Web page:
Mogwai, The Big Pink, The Horrors, Fake Blood, S.C.U.M. - Field Day: Review
Ian Simpson 06/08/2009
Its Sunday and yesterday I put myself through the third annual Field Day in Victoria Park.
It was messy through nobody's fault but my own. Some of the names have probably been changed to protect the guilty.
Waking up in bed is no unusual start to a day but five times out of seven I have to make my way to the office just late enough for it not to be considered a liberty. This being the weekend I get that extra hour or so to charge my batteries or utilise my morning glory (badly).
Out of the house early with the wife to meet my pal Emmet.
Me and the missus picked up some brioche and jelly beans on the way to Emmet's and made our way to his house via Geranium's. The lure of the charity shop on a Saturday morning is too strong for two so weak as us. I can't remember everything we bought but we definitely hit the twenty-five pound mark and someone definitely got some smart Converse All-Stars.
We made it to Emmet's in time to catch him mooching through his kitchen in his boxers but I'll keep the adjectives in my head. Fresh orange juice and cigarettes while he ironed his t-shirt (why?). We played a Mogwai Greatest Hits off his iPod in preparation for the evening.
“Better bring the washing in before we go as well. Looks like rain.” He's so sensible.
We're waiting for another member of our party to arrive so we call, find out they're running late and boot it down to the DLR for making our way East… not before discovering the most beautifully crafted pair of graffiti cocks, skilfully scribed into the dust on the front of the train. There's a necessary changeover at Canary Wharf 'cause we're on the wrong line and somehow the spark is born that we should replicate the DLR dirt-cock in the form of a ridiculous jelly-bean sculpture. It's not even One O'clock yet and this is already the best weekend in ages (!)
There's a Tesco on the walk up to Victoria Park from Bow Road. It's actually a Tesco Express but that's a lie. Only twice in my life have I been in longer queues than that and on both occasions I was rightfully rewarded at the end with a wedding buffet. At the till', there was a buffetless thrice of sour-faced staff. I wanted a cheap half-bottle of vodka but I'd been beaten to the Voshkat, the Wodkar and the Schmirnhof so I had to buy proper Smirnoff which was 1.87p over what I normally like to pay to get wrecked. Nevermind. Outside the supermarket, it had begun to drizzle. Emmet was right to bring the washing in.
I don't know if it was because I hate people or Emmet and Emily (that's the bird's name) love canal-side walks but we opted to go off the beaten track - full of shouts, touts and lager-louts - and adopt the walk along the water's edge - occupied by a worse breed of cunt; the middle classes. I don't care that you and your three kids have matching cycling outfits, I don't care that you and your “partner” named your shit-heel dog Adorno and no, I don't think a Disney themed gondola ride along the canal is a fun way to spend a morning.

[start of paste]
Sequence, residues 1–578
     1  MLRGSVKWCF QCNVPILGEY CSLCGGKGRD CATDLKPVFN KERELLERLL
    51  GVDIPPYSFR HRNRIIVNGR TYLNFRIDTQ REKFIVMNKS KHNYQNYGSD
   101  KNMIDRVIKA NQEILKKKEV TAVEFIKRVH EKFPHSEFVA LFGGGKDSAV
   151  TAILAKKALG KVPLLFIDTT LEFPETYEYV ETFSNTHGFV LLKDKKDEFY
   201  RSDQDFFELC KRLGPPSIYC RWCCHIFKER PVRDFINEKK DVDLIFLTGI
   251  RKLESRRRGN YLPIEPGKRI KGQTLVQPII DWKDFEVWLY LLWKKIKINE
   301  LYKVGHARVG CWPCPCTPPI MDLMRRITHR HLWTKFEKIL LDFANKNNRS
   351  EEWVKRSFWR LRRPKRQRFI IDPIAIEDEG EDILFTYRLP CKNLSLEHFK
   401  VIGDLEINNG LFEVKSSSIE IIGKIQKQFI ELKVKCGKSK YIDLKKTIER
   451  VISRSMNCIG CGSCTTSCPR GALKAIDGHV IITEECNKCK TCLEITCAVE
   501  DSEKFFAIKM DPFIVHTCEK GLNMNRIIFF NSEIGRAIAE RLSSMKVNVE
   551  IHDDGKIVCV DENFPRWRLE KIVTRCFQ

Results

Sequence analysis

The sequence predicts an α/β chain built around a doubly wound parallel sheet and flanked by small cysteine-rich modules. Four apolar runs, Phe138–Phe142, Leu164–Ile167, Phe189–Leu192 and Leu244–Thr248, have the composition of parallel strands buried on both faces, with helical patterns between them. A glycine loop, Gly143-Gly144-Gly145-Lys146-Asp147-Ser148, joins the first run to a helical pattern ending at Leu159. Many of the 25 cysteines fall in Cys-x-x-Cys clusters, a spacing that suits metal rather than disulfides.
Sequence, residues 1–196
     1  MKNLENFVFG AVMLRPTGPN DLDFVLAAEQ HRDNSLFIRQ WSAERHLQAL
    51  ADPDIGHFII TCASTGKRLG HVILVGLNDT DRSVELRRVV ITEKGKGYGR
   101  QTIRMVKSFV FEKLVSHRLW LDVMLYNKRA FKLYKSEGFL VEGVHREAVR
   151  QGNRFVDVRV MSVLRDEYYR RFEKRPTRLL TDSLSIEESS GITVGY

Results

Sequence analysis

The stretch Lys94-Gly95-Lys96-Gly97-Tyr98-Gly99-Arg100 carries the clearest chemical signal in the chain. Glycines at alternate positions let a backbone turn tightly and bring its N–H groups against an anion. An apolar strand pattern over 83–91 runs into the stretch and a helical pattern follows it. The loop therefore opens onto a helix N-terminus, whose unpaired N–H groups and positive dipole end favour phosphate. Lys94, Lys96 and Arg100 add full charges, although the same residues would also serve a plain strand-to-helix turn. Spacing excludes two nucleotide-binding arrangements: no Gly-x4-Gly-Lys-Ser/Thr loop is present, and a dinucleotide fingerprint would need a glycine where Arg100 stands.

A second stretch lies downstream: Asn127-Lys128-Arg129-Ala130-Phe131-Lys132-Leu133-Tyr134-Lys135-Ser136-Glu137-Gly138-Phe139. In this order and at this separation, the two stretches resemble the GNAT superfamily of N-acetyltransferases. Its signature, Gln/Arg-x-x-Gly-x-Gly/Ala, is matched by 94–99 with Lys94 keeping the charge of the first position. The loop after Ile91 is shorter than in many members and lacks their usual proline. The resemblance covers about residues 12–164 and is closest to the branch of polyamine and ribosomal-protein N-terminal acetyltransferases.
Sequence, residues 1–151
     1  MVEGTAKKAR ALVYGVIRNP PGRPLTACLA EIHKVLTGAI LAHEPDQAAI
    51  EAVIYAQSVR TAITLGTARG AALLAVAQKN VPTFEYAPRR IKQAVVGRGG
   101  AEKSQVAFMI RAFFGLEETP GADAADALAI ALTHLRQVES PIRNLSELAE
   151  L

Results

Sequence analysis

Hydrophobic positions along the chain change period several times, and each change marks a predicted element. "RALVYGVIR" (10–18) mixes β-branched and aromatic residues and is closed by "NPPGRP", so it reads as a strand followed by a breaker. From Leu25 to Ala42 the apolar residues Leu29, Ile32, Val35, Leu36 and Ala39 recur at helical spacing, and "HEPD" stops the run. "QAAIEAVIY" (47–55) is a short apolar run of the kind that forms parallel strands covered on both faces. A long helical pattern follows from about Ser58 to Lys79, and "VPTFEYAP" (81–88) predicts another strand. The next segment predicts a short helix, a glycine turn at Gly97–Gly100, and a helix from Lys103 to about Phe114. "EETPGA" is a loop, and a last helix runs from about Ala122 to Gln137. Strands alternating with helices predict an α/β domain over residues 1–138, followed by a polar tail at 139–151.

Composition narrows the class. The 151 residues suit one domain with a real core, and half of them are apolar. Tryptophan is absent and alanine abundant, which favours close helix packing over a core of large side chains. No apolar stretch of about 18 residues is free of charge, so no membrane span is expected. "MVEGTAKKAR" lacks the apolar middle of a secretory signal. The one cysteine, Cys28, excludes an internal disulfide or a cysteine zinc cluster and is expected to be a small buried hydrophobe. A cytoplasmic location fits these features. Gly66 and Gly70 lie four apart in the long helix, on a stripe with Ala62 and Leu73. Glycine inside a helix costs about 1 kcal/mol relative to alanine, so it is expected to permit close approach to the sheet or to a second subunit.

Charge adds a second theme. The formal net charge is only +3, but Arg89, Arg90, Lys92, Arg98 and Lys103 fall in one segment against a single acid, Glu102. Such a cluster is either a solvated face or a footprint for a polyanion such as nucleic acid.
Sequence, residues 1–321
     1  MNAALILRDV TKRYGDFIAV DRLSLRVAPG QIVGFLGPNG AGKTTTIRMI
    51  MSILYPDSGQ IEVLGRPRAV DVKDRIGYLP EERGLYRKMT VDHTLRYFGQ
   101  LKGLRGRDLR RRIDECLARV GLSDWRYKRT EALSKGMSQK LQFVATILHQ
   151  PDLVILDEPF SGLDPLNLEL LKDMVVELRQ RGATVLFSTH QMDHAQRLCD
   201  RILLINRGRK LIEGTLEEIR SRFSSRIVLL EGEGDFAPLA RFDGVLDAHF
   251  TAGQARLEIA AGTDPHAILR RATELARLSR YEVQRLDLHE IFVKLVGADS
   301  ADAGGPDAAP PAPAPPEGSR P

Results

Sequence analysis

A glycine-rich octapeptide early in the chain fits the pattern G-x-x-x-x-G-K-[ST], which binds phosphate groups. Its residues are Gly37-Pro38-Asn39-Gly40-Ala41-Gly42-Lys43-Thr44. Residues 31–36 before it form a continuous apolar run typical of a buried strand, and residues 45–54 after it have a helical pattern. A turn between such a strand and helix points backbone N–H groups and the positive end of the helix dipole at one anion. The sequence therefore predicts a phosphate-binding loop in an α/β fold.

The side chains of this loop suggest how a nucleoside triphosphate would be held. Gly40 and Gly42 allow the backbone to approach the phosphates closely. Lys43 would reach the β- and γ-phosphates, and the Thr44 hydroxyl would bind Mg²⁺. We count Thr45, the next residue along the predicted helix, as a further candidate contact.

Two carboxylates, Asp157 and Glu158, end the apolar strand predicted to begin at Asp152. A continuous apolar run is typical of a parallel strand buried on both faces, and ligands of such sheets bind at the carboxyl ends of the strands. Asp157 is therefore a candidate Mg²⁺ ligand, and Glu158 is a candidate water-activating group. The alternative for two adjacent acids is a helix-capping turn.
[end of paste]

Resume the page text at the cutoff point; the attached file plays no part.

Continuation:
To avoid killing someone through mid-morning-misanthropy we nipped into a pub and were given our beer in plastic cups. The locals got glass ones. That's surely some kind of racism. Emily reads our stars from a magazine and we bend our lives around them to help them ring true.
At the entrance to Victoria Park, we join the press line and as a team, discreetly stuff the previously procured liquor down the front of my pants 'cause we can see the security are quite over-zealous. Wristbands acquired, we were right, it was to be a somewhat frisky frisking. The guy doing me caught a glancing blow of the vodka bottle at my crotch and gave Emily a knowing glance. I cant' decide which of the two of us has actually been violated.
Through dawdling we'd missed the looping violin genius of Owen Pallet but we'd seen him earlier in the year at The Union Chapel so it didn't sting so bad.
A text message told me to be at the big blue and yellow one for S.C.U.M. and I didn't argue. What followed was without doubt, the musical highlight of the day. An art-rock dirge of filth and fire. Thomas Cohen, hair perfect and dressed impeccably in black embroidered shirt, loose grey slacks and leather braces (that matched his slim brogues) seemed to be conducting some kind of witches coven, he wasn't singing, he was chanting. A voodoo spell, the result of which was a bass-driven tribal rhythm swathed in reverb that engulfed the crowd in a pyroclastic flow. Movements pained and spasmodic, every shape he threw seemed to help him exorcise a demon within. Believe the hype. This was this was a real show from a real band who know most definitely what they're doing. I have two gripes about the set; it was too early and it wasn't long enough. I have one issue that was not about the set but directly contributed to detracting from my experience… if you're going to become completely new people when you step on the stage and be overwhelmed by your art in order to infect people with your dark and chilling presence while you perform, tell your girlfriend and her mates not to peek through the upstage curtain and wave out to their pals in the audience. It kinda breaks the illusion (!)